All the inmates at the table were young black men, somewhere between 20 and 35. I don’t know what they all did to get to Donaldson and had I known I likely might have never come through the front gate.
Some of these young men — four of them within a year or two of my age —had already been in prison for going on 10 years. One of the oldest guys at the table, just 30 though, is soon to be in prison as long as he was free on the streets.
We had a good time at my table, too good of a time Thursday and Friday. A good portion of the weekend, when you are not singing or eating the thousands of cookies volunteers baked, is spent in talks, mediation and table discussion.
These talks cover everything from the power of choice to forgiveness to how to live a spiritual life. After each, there is a period of group discussion that follows. The first couple of days my guys wanted to talk about women, football, food and — well, that’s about it.
By Saturday and Sunday, our talks got much more real and honest. Most of them, though not all, acknowledged that they are at Donaldson because of the choices, the bad choices, the repeatedly bad choices they made. I think some of the men in white made serious breakthroughs on understanding that choices have consequences and that we have to accept responsibility, quit passing blame and making excuses for the dumb decisions we make.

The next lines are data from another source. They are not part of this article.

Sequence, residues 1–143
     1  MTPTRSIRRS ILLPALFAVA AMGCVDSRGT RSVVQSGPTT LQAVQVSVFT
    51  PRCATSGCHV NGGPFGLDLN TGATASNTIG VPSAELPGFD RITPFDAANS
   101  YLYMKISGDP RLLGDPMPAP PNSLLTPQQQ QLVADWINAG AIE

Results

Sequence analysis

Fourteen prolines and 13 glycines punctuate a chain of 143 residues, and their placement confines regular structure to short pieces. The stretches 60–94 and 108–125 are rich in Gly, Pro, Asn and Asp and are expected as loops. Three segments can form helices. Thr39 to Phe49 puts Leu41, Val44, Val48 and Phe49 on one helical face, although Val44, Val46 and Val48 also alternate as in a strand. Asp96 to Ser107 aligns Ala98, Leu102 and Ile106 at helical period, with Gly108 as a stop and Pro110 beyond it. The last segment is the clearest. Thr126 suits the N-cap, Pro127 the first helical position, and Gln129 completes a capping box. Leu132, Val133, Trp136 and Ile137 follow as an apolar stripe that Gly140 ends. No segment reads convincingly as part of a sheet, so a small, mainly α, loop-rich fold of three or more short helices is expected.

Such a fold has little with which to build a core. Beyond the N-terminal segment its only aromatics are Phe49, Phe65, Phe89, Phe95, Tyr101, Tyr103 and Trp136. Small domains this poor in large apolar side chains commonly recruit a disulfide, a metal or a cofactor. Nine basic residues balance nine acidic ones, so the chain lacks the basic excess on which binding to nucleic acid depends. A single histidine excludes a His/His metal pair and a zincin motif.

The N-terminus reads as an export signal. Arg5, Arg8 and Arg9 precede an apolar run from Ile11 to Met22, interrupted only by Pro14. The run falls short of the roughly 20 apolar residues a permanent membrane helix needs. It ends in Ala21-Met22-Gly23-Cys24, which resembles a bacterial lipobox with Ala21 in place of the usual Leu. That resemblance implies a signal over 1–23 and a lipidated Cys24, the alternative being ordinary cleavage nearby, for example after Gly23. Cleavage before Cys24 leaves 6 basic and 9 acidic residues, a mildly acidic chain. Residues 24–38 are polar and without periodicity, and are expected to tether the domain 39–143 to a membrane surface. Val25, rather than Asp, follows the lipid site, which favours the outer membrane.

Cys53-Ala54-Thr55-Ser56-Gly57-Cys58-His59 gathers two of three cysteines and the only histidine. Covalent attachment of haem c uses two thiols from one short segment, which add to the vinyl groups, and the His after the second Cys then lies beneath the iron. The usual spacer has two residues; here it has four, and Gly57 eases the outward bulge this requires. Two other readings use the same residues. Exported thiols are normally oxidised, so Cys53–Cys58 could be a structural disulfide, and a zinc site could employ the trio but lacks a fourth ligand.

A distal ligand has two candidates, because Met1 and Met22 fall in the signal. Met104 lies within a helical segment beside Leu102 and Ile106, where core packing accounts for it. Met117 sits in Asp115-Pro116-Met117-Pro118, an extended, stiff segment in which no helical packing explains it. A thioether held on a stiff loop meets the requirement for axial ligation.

So it was a happy weekend and exciting in some ways, but it was also one that was heartbreaking. I’ll admit I teared up a few times Saturday and Sunday, but like most of the inmates I didn’t really let my guard down enough to cry in public, but, let me tell you, when I got home Sunday night I cried like a baby.
Let me be clear, these guys committed crimes, many of them horribly brutal, and do have a debt to society. Virtually all of them deserve the sentences they have. The choices they made hurt a lot of people, their victims’ families as well as their own.